Jesus left that place and came to his hometown, and his disciples followed him. On the sabbath he began to teach in the synagogue, and many who heard him were astounded. They said, “Where did this man get all this? What is this wisdom that has been given to him? What deeds of power are being done by his hands! Is not this the carpenter, the son of Mary and brother of James and Joses and Judas and Simon, and are not his sisters here with us?” And they took offense at him. Then Jesus said to them, “Prophets are not without honor, except in their hometown, and among their own kin, and in their own house.” And he could do no deed of power there, except that he laid his hands on a few sick people and cured them. And he was amazed at their unbelief.
Then he went about among the villages teaching. He called the twelve and began to send them out two by two, and gave them authority over the unclean spirits. He ordered them to take nothing for their journey except a staff; no bread, no bag, no money in their belts; but to wear sandals and not to put on two tunics. He said to them, “Wherever you enter a house, stay there until you leave the place. If any place will not welcome you and they refuse to hear you, as you leave, shake off the dust that is on your feet as a testimony against them.” So they went out and proclaimed that all should repent. They cast out many demons, and anointed with oil many who were sick and cured them. Mark 6:1-13
The prophet Ezekiel was active between 575 and 600 BC. During this period the temple in Jerusalem was destroyed and God’s chosen people were carted off into exile in Babylon. It was a time of great turmoil and distress. The first lesson for today tells the story of God’s commissioning Ezekiel to be a prophet to the people of Israel at this difficult juncture in their history.
Prior to his commissioning, Ezekiel had an amazing vision of fire, winged creatures, and a chariot, and something that seemed like a human form seated on a throne. When Ezechiel saw this vision, which he said, was, “the appearance of the likeness of the glory of the Lord,” he fell on his face. And then he heard the voice of the Lord.
The voice said it was sending him to the people of Israel, to a nation of rebels. Human beings, being what we are, the epithet, “a nation of rebels”, is probably a fitting description for most nations at any time in their history. The voice continued, “You shall speak my words to them whether they hear or refuse to hear.” And then the Lord told Ezekel not to be afraid or dismayed.
This is rather standard stuff, in terms of what we know of Israel’s prophets: they are sent by God to His people, to call them back to the covenant; they are ignored, forgotten, berated, mistreated, tortured, and some even killed. And nobody listens to them. This scene plays itself out again and again.
Then we fast forward 400 years or so to Jesus. As Christians, we have our own view of Jesus. But we must understand that to most of his contemporaries, he was just another prophet. And as a prophet his experience was no different than that of His predecessors in the trade.
In today’s Gospel he is in Nazareth, his hometown, teaching in the synagogue, and no one is very happy with what He has to say. These are the people with whom He grew up. They know Him and his family. And how do they respond? They are scandalized. “Hey, isn’t this Joseph and Mary’s boy? What does he know? Who does he think he is?”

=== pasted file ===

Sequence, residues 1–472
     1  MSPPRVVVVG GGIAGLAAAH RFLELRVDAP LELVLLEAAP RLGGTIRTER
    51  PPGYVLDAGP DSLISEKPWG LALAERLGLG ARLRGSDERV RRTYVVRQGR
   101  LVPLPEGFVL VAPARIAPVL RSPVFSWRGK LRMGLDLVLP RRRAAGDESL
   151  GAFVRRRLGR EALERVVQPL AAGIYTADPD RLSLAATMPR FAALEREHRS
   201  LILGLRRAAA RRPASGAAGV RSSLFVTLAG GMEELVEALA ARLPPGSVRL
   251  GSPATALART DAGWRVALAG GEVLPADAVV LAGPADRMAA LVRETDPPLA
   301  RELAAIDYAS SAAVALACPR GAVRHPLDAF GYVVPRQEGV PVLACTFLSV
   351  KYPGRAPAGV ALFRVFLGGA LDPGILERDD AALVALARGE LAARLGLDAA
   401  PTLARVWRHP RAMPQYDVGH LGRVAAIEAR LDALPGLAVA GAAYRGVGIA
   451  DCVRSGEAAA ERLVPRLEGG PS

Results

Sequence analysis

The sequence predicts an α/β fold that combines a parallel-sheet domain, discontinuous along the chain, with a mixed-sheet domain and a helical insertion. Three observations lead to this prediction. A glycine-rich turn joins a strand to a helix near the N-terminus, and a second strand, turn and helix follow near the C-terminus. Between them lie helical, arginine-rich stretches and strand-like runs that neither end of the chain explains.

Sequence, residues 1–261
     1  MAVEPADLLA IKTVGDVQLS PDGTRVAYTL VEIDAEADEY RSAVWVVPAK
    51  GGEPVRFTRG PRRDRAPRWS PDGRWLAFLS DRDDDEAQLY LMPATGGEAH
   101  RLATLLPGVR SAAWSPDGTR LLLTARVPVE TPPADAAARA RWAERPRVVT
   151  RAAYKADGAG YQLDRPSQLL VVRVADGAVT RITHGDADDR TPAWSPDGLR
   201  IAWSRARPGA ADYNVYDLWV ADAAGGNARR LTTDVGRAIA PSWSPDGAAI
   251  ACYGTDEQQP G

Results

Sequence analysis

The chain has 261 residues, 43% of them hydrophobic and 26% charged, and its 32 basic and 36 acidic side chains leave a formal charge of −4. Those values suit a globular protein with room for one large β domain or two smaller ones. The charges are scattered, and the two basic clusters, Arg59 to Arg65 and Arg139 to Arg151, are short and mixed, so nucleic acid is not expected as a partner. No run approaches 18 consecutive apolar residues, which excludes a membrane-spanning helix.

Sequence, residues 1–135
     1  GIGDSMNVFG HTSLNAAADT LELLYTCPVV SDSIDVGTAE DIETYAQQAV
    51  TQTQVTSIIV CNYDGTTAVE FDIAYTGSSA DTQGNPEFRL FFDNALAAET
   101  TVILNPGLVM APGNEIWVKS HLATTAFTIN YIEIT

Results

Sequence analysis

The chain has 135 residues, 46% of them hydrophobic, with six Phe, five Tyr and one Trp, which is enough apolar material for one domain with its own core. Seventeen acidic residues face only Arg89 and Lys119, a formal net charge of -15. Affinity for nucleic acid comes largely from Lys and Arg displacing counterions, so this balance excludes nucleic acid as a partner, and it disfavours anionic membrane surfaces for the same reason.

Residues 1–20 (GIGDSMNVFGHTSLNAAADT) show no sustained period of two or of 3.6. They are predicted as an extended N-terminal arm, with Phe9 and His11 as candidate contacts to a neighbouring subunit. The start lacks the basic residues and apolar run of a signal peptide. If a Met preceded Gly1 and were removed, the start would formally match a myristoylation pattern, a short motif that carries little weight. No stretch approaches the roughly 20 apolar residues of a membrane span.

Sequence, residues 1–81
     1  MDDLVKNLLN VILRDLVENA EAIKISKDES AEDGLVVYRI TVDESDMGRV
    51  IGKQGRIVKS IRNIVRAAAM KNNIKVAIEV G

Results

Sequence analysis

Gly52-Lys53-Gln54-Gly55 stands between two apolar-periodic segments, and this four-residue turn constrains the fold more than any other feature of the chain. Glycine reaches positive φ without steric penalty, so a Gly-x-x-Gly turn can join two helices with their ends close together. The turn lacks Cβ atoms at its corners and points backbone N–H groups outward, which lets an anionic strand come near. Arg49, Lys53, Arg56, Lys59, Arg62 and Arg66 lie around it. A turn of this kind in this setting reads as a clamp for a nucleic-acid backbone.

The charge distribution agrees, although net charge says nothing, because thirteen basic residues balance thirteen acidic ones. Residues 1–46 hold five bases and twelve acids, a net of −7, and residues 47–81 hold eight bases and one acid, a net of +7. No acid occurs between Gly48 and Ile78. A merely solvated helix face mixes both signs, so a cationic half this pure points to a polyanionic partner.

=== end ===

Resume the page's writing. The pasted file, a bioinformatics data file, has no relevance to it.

“Who do you think you are?” is one of the most enduring rebukes. We use it to put people down, to rein people in when we think they are starting to think too highly of themselves, when they start getting “too big for their britches.”
Everyone thought Ezekiel and the other prophets had a lot of nerve saying they spoke for God. And the people of Nazareth knew for certain that Jesus was getting too big for his britches, coming home, and preaching to them the way he did.
We have not changed much over the centuries. Human nature being what it is, most of us don’t care much for people who think they have a corner on the truth, or that they know “God’s will.” And so often our suspicions and skepticism prove to be right on the money.
There are just too many instances of people being led into dark places by self-proclaimed experts, pseudo-religious charismatic charlatans, right wing news media talking heads, and self-serving political demagogues, and always with very bad results.
The January 6th event was borne of such toxic energy. The right wing media and its mouthpieces serve up poisonous distortions with impunity. There is that unending parade of fundamentalist bible thumpers. We’re right to be careful, to be skeptical. It can be dangerous not to be. This being said, it never ceases to amaze me just how many people get sucked into this garbage by false prophets who personally profit from the lies they tell.
So how do we determine who is speaking the truth? How do we discern the real prophets from the frauds? Even if we summarily exclude some obvious politicians, some news reporters, and a steady supply of religious clowns, it can still be very difficult.
We can let our prejudices get in the way of our careful discernment; we can expect prophetic voices to fit a certain mold, to look and sound a certain way, to be of a certain social status. But all through the Bible we read of God using the least expected people to do His work, and very often the people involved weren’t too happy about it. Moses said he was not eloquent, that he was slow of speech: “Oh My Lord, please send someone else.” Jeremiah said, “Ah, Lord God! Truly I do not know how to speak, for I am only a boy.” Nobody with any sense wants this job! But God says again and again, “Don’t be afraid. I’ll tell you what to say.”